Sciences and their founders

wpc at cs.strath.ac.uk wpc at cs.strath.ac.uk
Wed Mar 22 07:40:58 MST 1995


Philip
-------
 Paul then proceeds to show that
aspects of Gallileo's and Newton's theories are retained and supported by
modern relativity theory. What's more, Paul says that everyone still uses
Newtonian theory for practical calculations. I find Paul's account,
despite its wonderful citations of historians, utterly ahistorical. One
would wonder why physicists ever develop new theories if the old ones are
just as good as the new ones.

Paul
-----
The citations that I have been giving are all from
leading physicists not historians
Weinberg is at the department of physics at Texas
Hawkings is the Laucasian Professor of Maths at Cambridge
and thus is the present occupant of Newtons Chair at that university.
Their views may be fairly taken as representative of
modern views in physics.

The reason why physicists develop new theories is either to account
for observations of domains that were previously inaccessible
or to attempt to generalise several previous theories under a
new and more encompassing one. This is not a matter of getting
rid of an old theory, but seeing that it is in fact a special
case of a more general one.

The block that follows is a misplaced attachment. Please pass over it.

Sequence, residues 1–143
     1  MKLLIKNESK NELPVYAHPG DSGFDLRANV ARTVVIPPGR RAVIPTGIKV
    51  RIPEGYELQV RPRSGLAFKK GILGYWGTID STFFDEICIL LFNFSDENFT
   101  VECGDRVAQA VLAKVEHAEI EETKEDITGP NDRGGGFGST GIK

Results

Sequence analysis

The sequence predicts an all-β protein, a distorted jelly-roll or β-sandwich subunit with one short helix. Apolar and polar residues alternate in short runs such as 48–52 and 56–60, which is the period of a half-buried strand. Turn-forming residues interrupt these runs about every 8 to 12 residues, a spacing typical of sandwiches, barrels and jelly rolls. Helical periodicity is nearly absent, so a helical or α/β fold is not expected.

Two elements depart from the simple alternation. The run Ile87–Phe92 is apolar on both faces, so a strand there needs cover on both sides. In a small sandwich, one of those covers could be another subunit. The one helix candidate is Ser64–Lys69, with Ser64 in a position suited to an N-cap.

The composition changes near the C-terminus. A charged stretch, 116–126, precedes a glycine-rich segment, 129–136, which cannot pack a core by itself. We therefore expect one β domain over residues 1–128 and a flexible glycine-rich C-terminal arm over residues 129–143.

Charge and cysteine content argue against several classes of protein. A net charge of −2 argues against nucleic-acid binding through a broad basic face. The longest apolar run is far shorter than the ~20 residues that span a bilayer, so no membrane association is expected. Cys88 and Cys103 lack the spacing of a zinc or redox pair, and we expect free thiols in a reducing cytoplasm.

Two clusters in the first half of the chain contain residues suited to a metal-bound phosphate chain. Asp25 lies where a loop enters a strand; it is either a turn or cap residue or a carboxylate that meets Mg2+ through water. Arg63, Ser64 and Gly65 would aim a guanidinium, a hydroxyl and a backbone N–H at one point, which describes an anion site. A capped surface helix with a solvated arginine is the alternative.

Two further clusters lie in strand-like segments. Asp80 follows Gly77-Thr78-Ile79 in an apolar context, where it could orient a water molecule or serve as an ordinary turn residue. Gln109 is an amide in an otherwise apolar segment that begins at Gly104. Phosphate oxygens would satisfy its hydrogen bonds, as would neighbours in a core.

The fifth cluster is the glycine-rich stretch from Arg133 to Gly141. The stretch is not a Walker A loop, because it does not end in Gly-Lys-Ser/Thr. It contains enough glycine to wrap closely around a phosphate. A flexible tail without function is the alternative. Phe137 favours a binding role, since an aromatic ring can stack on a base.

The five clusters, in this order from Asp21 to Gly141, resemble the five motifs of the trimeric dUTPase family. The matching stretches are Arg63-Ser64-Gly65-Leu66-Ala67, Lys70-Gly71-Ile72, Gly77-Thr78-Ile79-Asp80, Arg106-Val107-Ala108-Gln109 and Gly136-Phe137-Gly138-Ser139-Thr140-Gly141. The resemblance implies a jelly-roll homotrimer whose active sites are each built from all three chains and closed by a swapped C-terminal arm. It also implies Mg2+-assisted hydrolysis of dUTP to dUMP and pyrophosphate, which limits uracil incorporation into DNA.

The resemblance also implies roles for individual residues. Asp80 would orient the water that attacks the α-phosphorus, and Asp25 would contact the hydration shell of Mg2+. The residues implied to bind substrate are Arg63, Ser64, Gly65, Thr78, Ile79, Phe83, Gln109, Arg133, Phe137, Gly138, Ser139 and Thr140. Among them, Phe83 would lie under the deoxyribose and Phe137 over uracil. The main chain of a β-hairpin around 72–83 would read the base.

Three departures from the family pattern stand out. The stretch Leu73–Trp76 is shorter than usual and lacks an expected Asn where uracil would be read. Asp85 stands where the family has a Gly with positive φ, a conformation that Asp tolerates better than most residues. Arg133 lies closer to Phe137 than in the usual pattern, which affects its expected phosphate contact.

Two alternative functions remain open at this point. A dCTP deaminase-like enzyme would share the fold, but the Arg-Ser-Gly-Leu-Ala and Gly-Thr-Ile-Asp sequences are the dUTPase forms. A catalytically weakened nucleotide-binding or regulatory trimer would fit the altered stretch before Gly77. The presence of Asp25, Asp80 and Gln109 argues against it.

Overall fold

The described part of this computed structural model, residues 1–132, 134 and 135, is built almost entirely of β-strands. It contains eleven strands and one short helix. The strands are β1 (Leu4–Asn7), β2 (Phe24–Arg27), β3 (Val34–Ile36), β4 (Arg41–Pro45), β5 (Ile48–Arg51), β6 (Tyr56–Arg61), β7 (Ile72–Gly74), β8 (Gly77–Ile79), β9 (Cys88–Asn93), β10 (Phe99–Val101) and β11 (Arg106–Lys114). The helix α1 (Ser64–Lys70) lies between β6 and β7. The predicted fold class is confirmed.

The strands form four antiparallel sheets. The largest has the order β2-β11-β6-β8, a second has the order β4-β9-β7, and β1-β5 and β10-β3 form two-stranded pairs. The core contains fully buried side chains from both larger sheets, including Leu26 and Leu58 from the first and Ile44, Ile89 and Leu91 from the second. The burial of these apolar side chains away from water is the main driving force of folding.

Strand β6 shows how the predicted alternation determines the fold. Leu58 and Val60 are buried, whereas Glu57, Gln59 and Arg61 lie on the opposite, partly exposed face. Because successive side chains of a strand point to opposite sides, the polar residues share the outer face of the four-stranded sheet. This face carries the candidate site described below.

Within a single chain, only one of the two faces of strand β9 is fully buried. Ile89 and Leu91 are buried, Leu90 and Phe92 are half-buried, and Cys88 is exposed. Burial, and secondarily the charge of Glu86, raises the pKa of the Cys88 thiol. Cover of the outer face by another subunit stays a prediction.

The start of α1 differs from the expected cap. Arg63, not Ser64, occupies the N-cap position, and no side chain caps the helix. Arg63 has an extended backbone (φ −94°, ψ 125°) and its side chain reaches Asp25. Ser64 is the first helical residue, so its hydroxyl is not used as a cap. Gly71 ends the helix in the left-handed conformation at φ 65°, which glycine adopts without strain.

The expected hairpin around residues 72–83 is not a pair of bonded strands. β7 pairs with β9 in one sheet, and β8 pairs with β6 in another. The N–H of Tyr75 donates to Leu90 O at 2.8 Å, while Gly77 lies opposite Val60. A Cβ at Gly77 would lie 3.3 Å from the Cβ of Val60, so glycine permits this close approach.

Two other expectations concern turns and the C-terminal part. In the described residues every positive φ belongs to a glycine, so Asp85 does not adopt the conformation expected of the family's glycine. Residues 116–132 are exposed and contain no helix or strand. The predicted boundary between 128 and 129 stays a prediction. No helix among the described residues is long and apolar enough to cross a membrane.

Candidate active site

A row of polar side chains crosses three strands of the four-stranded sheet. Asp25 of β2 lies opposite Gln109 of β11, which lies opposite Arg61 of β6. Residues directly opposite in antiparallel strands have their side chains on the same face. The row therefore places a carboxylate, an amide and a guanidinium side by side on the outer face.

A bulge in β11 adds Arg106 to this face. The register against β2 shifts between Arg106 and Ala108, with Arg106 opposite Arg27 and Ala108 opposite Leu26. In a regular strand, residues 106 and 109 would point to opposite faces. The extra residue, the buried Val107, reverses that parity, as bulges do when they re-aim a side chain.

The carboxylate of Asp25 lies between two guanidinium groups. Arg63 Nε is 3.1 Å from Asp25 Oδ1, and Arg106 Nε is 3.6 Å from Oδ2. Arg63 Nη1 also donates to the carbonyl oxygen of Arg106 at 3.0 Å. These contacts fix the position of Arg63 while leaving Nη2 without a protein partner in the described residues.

Philip
------
 One
would wonder why physicists ever develop new theories if the old ones are
just as good as the new ones. If I remember right, there were problems
with wave motion that Newton's theory couldn't explain and that
Einstein's theory could.

Paul
----
It depends upon what you mean by wave motion. If you are refering to
Einsteins paper on the photo-electric effect, this is was addressed
to difficulties in the spectrum of black body radiation when one
tried to explain it using Maxwell's theory of electromagnetic radiation.
This had very little to do with Newton, and it is arguable that
Einsteins response - that electromagnetic energy was quantised,
reflects a return, albeit in more sophisticated form, to the
Newtonian corpuscular-undulatory theory.


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